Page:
What are some of the classical physics phenomena in every day life that you are surprised more people do not fully understand—whether they are lay people, students, or scientists?

KST: Does water going down a drain really have a strong preference for clockwise in the northern hemisphere and counterclockwise in the south? How strong? What happens as you cross the equator? How are ocean waves produced? Why do stars twinkle in the night sky, and why doesn’t Jupiter twinkle? How does a hologram work? How much can solid objects be stretched before they break, and why are there such huge differences from one type of solid (for example thin wire) to another (a rubber band)?

RDB: I agree and have to add that I am regularly humbled by some every day phenomenon that I cannot explain or for which I have carried around for years a fallacious explanation. There is, rightly, a lot of focus right now on climate change, energy, hurricanes, earthquakes, and so on. We hear about them every day. We physicists need to shore up our understanding and do a better job of communicating this.

Do you believe that some of your intended readers might be surprised to discover the deep relevance of classical physics to certain subject areas?

KST: In subjects that physicists think of as purely quantum, classical ideas and classical computational techniques can often be powerful. Condensed matter physics is an excellent example—and accordingly, our book includes a huge number of condensed-matter topics. Examples are Bose-Einstein condensates, the van der Waals gas, and the Ising model for ferromagnetism.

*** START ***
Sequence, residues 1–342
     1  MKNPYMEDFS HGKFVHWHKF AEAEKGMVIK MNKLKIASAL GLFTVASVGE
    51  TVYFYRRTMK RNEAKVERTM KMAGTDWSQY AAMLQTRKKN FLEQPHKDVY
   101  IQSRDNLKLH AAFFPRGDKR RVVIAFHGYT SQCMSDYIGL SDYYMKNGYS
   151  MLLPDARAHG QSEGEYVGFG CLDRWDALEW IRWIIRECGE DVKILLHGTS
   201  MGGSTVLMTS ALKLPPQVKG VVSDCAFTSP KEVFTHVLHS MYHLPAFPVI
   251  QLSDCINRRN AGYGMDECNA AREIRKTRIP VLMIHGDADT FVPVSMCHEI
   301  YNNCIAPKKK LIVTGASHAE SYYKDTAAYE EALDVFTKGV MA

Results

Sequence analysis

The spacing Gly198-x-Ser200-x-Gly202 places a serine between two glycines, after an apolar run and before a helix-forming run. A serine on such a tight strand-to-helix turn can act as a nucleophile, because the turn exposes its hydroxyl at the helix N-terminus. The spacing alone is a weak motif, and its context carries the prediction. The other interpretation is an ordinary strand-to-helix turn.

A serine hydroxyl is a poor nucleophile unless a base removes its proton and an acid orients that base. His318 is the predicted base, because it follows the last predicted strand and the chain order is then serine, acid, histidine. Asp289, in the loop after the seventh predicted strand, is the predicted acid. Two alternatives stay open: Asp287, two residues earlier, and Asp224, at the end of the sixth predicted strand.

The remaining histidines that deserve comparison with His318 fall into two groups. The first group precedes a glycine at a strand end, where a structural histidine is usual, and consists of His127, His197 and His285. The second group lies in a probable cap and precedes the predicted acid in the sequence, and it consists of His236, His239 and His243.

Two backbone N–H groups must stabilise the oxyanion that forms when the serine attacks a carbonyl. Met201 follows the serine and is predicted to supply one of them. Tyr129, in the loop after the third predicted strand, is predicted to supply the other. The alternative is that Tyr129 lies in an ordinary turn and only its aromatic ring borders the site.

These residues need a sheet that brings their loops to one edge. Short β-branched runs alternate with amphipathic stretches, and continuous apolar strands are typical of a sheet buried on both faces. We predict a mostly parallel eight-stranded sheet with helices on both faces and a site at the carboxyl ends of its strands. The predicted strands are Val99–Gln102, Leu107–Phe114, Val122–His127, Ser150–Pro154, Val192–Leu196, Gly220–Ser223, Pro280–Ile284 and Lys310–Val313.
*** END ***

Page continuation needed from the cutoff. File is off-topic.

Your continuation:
RDB: Conversely, quantum mechanical techniques are often used to simplify purely classical problems, for example in optics.

Writing a book is always an intellectual journey. In the preparation of this tremendously wide-ranging book, what were some of the most interesting things you learned along the way?

KST: How very rich and fascinating is the world of classical physics—far more so than we thought in 1980 when we embarked on this venture. And then there are the new inventions, discoveries, and phenomena that did not exist in 1980 but were so important or mind-boggling that we could not resist including them in our book. For example, optical-frequency combs and the phase-locked lasers that underlie them, Bose-Einstein condensates, the collapse of the World Trade Center buildings on 9/11/01, the discovery of gravitational waves and the techniques that made it possible, laser fusion, and our view of the universe at large.

Kip S. Thorne is the Feynman Professor Emeritus of Theoretical Physics at Caltech. His books include Gravitation and Black Holes and Time Warps. Roger D. Blandford is the Luke Blossom Professor of Physics and the founding director of the Kavli Institute of Particle Astrophysics and Cosmology at Stanford University. Both are members of the National Academy of Sciences.